COLORADO SPRINGS, Co. - Most soldiers today are equipped with a rifle that uses a platform designed more than 50 years ago.
The M16 was first introduced during the Vietnam War, and it's smaller M4 carbine version joined the ranks in the late 1980's.
Both have been upgraded several times, but still rely on the same air-cooled, gas-operated, magazine-fed assault rifle platform.
When asking during a qualification session at the range at Fort Carson, troops with the 4th Infantry Division's 3-29 Field Artillery Battalion said they liked it.
Platoon Sergeant SFC Adam Bruce explained, "It's easy for a person who hasn't shot before to come in, get trained up on it, someone who's coming right from transitioning from being a civilian coming into the Army."
"It's a pretty well designed weapon all around," added Domenic Pasqualicchio.
Nathaniel Fitch agrees that it's still very accurate and very reliable.
Fitch is a military weapons expert with The Firearm Blog, and has followed the Army's many unsuccessful efforts to replace the M4.
"As far as specific M4 replacements, there have been a couple of false starts, but other than that, there's not really a current m4 replacement that's even really in the prototype stage," he said.
However, enemy body armor is improving, leading army leaders to push for something more lethal.
In a statement to KRDO Newschannel 13, Public Affairs Officer Debi Dawson write, "Recent advancements in threat body armor have caused the Army to look for increased lethality and mobility in a new weapon."
And while the next rifle may be slow to materialize, a new type of bullet known as "cased telescoped" ammunition is much farther along.
Instead of a typical metal housing, it uses plastic.
"It's sort of described as like a beer that the bullet lives inside," explains Fitch, "so it's this cylindrical element that encompasses the whole ammunition. And it's lighter, it's more compact. It has a number of advantages."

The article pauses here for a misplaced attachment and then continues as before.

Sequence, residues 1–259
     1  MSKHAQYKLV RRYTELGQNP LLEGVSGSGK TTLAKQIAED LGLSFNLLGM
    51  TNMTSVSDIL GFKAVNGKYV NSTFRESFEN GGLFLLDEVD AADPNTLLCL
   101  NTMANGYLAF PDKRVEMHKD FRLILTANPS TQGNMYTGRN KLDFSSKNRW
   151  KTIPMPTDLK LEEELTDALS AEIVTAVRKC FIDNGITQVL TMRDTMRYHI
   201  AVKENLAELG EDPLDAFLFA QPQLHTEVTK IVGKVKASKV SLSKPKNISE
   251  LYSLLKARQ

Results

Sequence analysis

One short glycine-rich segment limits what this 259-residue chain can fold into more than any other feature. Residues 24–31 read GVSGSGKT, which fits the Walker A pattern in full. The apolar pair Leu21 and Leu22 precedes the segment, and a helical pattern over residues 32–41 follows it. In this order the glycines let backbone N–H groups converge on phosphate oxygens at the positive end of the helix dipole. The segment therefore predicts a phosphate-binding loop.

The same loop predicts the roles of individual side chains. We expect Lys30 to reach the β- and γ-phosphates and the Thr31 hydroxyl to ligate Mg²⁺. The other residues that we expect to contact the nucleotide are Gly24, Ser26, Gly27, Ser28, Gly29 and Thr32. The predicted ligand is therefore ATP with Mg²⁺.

Fitch describes the CT rounds as "not ready for prime time", but believes they are in a very interesting stage of demonstration.
However, the Army's biggest challenge in developing and purchasing a new rifle may be convincing Congress to give them the funding for it.
The military has a history of expensive yet unproductive projects, from the Navy's Littoral Combat Ships to the Army's Win-T battlefield software network.
Senator John McCain recently criticized military leaders for their unwillingness to reform their purchasing practices.
"This committee (Senate Armed Services Committee) was disappointed that we saw no meaningful action," he said.
But the Army has pledged to do better.
"We understand the stakes. We have begun to make progress. And we will not fail," responded Secretary of the Army Mark Esper.
Whatever the course, replacing the M4/M16 rifle will not be a quick one.
According to Dawson, the current schedule has the Next Generation Automatic Rifle being distributed to soldiers in Fiscal Year 2022, with the smaller carbine version being distributed 2-3 years after that.
The good news is the Army's current rifle has withstood the test of both jungle and modern warfare, thanks to both upgrades and the way it adapts to different needs through various attachments.
In the long run, it may not be the bullseye the military hopes for, but in qualified hands it has a proven capability of saving lives or taking lives as needed.
Here are links to all three parts in our special report on soldiers at Fort Carson: